The WILMAPCO conference room was jam-packed last week with attendees of our general meeting hoping to gain information about DelDOT’s Complete Streets Policy from DelDOT representatives Anthony Aglio (DelDOT Bicycle Coordinator), Bobbi Geier (DelDOT Planning Supervisor) and Mark Luszcz (DelDOT Traffic Systems Manager). In addition to talking at length about DelDOT’s new “Complete Streets” policy, the three also fielded a variety of questions from a large room full of interested folks about problems on specific roads, design, infrastructure, maintenance and funding for bicycle and pedestrian projects. The meeting, which was originally scheduled for 1 hour and 15 minutes, lasted for almost 2 hours.
A few highlights from the meeting:
- Both Bobbi Geier and Mark Luszcz emphasized that DelDOT’s “Complete Streets” policy was not a radical break from DelDOT’s past, but rather a confirmation of an internal trend at DelDOT to give greater consideration to pedestrians and bicyclists in its road projects that has been growing over a number of years. Rather than a new chapter at DelDOT, the “Complete Streets” policy is more properly seen as an official ratification of something that was already happening at DelDOT unofficially. Over the last 10 years, DelDOT has increasingly been implementing bicycling and walking components in most major road projects. The “Complete Streets” policy simply formalizes a commitment to do this.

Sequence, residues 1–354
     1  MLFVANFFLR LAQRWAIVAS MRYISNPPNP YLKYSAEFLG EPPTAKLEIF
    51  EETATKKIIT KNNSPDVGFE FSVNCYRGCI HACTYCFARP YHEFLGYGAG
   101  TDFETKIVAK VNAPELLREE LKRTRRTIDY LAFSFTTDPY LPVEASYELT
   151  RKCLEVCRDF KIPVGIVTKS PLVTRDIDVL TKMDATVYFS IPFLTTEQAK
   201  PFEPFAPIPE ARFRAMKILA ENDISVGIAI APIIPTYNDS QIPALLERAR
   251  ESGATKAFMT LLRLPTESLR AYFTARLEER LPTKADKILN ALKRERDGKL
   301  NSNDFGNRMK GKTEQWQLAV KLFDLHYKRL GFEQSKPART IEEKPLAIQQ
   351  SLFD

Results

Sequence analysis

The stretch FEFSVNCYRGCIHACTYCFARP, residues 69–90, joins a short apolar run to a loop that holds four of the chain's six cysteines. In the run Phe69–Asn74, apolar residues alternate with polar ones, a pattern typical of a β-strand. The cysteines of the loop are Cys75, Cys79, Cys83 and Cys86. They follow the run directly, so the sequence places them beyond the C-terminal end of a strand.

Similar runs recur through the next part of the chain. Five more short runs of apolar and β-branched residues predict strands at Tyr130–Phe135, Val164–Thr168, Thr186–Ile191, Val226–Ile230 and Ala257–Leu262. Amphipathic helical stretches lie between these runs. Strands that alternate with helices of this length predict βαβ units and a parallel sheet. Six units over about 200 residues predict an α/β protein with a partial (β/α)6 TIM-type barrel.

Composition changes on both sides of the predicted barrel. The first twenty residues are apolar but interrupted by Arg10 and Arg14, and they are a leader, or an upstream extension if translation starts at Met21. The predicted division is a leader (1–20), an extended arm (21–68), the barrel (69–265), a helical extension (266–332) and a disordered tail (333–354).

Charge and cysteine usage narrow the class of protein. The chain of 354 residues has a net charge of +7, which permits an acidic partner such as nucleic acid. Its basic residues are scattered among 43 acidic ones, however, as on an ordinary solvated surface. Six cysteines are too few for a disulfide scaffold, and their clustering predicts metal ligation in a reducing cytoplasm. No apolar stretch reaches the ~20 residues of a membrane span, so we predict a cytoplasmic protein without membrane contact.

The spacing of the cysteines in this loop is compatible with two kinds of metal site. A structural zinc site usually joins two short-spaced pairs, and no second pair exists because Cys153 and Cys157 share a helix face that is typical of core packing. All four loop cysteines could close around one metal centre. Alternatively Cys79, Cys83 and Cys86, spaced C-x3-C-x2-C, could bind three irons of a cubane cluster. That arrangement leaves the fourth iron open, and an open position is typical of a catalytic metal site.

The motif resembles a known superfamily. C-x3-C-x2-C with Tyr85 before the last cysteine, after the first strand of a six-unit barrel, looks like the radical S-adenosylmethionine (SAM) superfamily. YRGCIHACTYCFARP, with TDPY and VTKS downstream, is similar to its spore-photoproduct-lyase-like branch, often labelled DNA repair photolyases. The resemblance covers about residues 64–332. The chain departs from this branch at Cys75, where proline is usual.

- In response to a number of questions about specific problems and safety issues, Bobbi Geier emphasized the enormous and continuing importance of funding. The new “Complete Streets” policy applies only to new road projects and does not have anything to do with funding stand-alone bicycle and pedestrian projects.
- In response to a question about how DelDOT intended to implement its “Complete Streets” policy throughout DelDOT, Anthony Aglio said that an outside consultant has been hired to interview the various DelDOT departments about their implementation ideas.